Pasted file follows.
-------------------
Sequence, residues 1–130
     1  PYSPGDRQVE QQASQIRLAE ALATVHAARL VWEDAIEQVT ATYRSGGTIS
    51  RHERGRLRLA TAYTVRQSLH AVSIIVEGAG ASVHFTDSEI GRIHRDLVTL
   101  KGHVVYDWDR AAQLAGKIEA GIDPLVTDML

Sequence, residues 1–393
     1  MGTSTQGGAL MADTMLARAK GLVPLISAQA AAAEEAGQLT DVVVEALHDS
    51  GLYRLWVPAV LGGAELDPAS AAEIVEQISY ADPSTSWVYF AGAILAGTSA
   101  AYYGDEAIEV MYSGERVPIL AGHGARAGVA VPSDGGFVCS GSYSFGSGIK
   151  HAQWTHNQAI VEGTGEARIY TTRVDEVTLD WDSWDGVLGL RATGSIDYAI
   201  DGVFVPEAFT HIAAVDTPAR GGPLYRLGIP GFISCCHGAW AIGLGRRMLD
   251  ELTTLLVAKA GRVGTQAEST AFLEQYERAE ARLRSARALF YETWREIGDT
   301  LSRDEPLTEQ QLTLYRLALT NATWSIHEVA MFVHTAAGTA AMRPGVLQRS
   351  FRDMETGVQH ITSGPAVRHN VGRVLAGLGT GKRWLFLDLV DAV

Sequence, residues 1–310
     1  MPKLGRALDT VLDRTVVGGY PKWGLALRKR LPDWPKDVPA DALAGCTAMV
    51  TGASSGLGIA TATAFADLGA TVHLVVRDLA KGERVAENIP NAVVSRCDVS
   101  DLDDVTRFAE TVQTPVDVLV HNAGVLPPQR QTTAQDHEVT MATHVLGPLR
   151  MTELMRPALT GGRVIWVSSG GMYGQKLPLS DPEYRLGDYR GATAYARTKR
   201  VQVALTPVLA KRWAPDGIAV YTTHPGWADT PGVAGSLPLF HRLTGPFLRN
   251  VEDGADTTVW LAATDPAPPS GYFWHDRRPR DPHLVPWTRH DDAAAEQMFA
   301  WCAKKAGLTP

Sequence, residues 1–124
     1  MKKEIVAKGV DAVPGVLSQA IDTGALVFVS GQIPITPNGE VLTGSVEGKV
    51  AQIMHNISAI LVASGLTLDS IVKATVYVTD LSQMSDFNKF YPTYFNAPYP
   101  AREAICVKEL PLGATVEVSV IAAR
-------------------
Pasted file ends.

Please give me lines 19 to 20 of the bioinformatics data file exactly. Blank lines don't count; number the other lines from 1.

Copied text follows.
   201  VQVALTPVLA KRWAPDGIAV YTTHPGWADT PGVAGSLPLF HRLTGPFLRN
   251  VEDGADTTVW LAATDPAPPS GYFWHDRRPR DPHLVPWTRH DDAAAEQMFA